Monday, April 19, 2010

The Weekly Strike-4/19-4/25

Good morning and welcome to the Weekly Strike. I'm still recovering from a brutal hockey game last night, but being the hero blogger that I am, I couldn't possibly forget about you. On to the week in politics...

FINANCIAL REGULATIONS: The next major legislative battle is in full gear. We talked last week about how Obama hasn't really pushed very hard on enacting sweeping Wall Street reform. That seemingly has changed significantly. In the last week, President Obama personally called out Republican Senate Leader Mitch McConnell for first meeting secretly with Wall Street bankers, and then lying about the contents of the bill to the American public. He also issued a veto threat if the bill did not contain strong enough regulation of derivatives. Boosted by government charges against Goldman Sachs on Friday, the President and his allies believe they are positioned well to win this fight.

First things first, though. In order for the Senate to even consider the bill, it needs 60 votes. Though a few Democrats have problems with parts of the bill, I don't think any of them would object to at least considering the measure. That leaves Democrats in need of one Republican vote. Minority Leader McConnell tried to get every Republican to sign on to a letter saying they would filibuster the bill if the Democrats didn't come to the negotiating table. After Senator Collins (ME) refused to sign on, he changed the letter to make the threat not quite as strong. Today, Collins meets with Treasury Secretary Tim Geithner, who hopes to persuade her that this bill is necessary to avoid a repeat of the 2008 economic collapse.

If indeed Democrats do not have the votes to proceed, they'll be forced to make some concessions. It seems like the White House is already willing to drop some key provisions. Included in the Dodd bill is a provision that creates a $50 billion fund, paid for by Wall Street firms, to help wind down companies that are "too big to fail." Republicans falsely contend that this constitutes a taxpayer bailout. Obama has asked Senate leaders to take the provision out of the bill. I'm not sure how I feel about this policy-wise. But again, it is not politically smart to make any concessions until you have secured votes. I thought we learned that lesson with health care.

Democratic leaders hope to bring a motion to proceed to the bill to the floor as soon as Wednesday, and as late as Friday. We'll keep you posted. It's also possible that President Obama goes on the road to pitch the plan. I think he desperately needs to connect the dots as to how these regulations will protect the American people from losing their hard-earned money.

THE WHITE HOUSE: The President has a somewhat quiet start to his week. He will hold a meeting this morning with General Scott Gration, the administration's envoy to Sudan. The genocide in Darfur certainly has gotten a disproportionately small amount of attention since Obama took office, don't you think?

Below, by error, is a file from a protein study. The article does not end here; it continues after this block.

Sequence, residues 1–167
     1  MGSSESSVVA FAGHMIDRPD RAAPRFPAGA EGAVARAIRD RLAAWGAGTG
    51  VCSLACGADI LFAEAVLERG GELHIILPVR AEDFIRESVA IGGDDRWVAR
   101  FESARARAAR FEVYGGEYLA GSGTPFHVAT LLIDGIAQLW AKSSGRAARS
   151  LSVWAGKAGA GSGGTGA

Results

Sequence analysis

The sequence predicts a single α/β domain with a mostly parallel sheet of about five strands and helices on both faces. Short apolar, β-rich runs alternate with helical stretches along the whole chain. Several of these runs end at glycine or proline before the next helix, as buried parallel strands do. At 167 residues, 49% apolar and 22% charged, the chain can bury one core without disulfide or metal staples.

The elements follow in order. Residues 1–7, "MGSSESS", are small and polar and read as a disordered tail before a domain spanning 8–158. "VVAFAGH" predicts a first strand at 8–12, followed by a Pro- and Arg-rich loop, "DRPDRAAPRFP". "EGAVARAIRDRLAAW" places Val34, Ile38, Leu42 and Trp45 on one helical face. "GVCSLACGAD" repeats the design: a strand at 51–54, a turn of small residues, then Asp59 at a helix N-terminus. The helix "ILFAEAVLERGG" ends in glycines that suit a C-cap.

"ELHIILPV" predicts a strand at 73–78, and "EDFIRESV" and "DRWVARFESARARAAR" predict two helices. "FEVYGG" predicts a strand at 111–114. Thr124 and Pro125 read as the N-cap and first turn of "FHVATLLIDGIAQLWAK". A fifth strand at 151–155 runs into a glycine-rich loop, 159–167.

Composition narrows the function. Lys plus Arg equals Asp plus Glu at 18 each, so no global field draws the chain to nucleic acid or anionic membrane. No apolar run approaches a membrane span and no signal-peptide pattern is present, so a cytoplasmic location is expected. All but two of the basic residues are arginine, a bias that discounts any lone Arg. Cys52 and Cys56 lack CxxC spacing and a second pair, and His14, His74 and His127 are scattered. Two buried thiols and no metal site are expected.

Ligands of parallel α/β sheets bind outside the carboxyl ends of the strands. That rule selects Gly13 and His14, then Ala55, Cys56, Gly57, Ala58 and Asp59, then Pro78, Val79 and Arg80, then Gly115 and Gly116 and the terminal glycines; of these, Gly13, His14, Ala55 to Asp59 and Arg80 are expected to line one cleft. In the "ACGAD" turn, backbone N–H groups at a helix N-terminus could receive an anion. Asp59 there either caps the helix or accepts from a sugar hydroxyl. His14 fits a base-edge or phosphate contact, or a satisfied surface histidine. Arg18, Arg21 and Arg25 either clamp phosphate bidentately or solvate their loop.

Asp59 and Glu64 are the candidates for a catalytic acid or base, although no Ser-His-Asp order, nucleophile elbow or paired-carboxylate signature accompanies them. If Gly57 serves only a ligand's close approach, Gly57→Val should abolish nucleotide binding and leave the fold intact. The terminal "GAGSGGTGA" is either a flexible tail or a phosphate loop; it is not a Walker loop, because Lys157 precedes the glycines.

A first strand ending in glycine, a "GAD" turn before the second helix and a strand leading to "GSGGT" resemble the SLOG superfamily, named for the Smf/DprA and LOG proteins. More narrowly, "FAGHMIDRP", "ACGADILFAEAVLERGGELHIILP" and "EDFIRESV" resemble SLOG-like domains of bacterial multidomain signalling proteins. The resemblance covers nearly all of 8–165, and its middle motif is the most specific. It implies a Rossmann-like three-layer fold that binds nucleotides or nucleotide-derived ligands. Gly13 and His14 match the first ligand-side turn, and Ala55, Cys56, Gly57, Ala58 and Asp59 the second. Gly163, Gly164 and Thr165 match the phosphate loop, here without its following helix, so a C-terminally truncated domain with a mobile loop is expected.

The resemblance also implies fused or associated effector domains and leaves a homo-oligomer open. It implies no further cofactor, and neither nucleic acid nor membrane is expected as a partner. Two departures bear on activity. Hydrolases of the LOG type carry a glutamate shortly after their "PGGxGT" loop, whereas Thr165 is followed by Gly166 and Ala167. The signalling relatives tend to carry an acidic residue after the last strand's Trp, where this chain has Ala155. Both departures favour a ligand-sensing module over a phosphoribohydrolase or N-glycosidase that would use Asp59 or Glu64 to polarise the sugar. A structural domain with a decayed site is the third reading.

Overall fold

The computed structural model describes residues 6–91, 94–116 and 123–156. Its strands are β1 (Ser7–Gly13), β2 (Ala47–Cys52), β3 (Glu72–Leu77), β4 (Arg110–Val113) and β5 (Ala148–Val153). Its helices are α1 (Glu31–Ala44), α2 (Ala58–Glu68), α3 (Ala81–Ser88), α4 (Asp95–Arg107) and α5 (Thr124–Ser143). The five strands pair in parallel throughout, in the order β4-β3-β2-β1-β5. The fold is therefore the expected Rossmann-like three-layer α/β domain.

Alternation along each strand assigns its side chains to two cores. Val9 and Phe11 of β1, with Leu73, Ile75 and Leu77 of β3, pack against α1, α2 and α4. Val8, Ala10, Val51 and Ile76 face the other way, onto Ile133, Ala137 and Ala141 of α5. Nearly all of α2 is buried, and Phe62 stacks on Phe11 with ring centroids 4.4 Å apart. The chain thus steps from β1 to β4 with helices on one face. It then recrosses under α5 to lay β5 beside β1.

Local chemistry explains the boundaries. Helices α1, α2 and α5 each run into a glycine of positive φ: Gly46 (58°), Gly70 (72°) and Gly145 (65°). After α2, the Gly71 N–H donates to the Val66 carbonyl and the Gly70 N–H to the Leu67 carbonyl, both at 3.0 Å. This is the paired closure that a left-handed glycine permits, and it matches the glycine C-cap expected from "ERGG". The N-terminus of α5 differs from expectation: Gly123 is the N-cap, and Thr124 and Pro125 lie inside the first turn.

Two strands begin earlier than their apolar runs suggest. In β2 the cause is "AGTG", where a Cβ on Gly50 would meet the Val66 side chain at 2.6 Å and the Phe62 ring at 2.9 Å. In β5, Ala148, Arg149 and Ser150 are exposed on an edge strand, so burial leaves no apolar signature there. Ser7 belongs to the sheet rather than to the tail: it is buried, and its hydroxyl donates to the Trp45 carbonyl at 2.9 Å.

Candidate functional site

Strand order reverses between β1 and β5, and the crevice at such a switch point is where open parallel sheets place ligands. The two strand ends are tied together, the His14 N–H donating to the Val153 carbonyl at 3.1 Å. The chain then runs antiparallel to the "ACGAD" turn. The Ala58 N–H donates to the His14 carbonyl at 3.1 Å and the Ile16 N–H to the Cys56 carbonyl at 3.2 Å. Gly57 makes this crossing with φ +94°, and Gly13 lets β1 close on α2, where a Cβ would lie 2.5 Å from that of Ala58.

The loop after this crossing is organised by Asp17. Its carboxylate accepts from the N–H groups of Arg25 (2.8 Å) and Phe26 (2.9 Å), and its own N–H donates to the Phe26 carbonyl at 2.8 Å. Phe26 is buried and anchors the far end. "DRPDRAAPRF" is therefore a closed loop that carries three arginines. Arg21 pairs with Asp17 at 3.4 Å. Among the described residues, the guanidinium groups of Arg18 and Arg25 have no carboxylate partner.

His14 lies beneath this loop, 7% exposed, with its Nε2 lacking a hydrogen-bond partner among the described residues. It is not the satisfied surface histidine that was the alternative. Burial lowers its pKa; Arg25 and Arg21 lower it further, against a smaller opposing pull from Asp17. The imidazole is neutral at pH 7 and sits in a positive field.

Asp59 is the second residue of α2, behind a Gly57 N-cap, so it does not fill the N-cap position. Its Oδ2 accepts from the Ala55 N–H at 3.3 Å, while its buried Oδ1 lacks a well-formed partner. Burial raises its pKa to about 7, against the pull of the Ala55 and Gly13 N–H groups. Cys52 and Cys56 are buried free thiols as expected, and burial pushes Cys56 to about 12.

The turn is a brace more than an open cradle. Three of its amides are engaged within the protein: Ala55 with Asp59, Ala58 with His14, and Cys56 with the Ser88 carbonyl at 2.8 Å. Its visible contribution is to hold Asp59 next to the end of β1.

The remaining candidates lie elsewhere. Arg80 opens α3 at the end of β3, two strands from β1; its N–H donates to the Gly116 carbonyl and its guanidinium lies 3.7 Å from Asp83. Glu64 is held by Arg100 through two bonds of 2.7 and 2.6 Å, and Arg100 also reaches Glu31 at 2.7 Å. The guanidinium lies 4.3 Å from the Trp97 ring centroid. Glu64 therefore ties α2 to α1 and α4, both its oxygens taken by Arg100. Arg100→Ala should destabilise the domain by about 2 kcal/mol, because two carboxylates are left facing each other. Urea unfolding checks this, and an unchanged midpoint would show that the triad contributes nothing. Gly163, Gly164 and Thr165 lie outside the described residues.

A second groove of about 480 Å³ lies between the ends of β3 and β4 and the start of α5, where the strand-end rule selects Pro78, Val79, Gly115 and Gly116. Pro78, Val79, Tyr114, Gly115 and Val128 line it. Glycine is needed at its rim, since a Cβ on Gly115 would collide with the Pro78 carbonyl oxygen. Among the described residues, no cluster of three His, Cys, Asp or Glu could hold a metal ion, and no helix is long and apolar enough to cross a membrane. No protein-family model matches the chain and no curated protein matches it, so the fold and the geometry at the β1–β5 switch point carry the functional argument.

The President then flies to California where he will hold a fundraiser for Senator Barbara Boxer, who is in a tough reelection fight this year. No word yet on the rest of the week's schedule.

THE SENATE: Before the Senate gets to financial reform, they will vote on a series of previously stalled executive nominations. Majority Leader Reid has filed cloture on on 5 Presidential nominations, including two Appeals Court judges. The first vote will be a vote to end debate on the nomination of Lael Brainerd to be the Under Secretary of the Treasury. It is pretty pathetic that during a financial crisis, key positions at the Treasury remain unfilled.

THE HOUSE: The House will come into session tomorrow, and they will spend a couple of days dealing with suspension bills. The House will also vote on a motion to go to conference on a bill to impose sanctions on Iran. On Thursday, the House will take up a long-stalled bill that would give voting rights to the District of Columbia. The bill also would temporarily give a House seat to Utah, so that an obvious Democratic seat would be offset by a safe Republican seat. The bill passed both the House and Senate last year. However, the Senate included a provision that would strike down most of D.C's restrictive gun laws. Democrats did not want to swallow this compromise, but it appears as if DC interests are willing to sacrifice their gun laws for official representation in Congress.

I'm not entirely sure whether the House will take up the Senate-passed bill verbatim, or whether they will be voting on a brand new version of the measure. We'll keep you posted.

That's it for now. See you tonight, and leave some comments!

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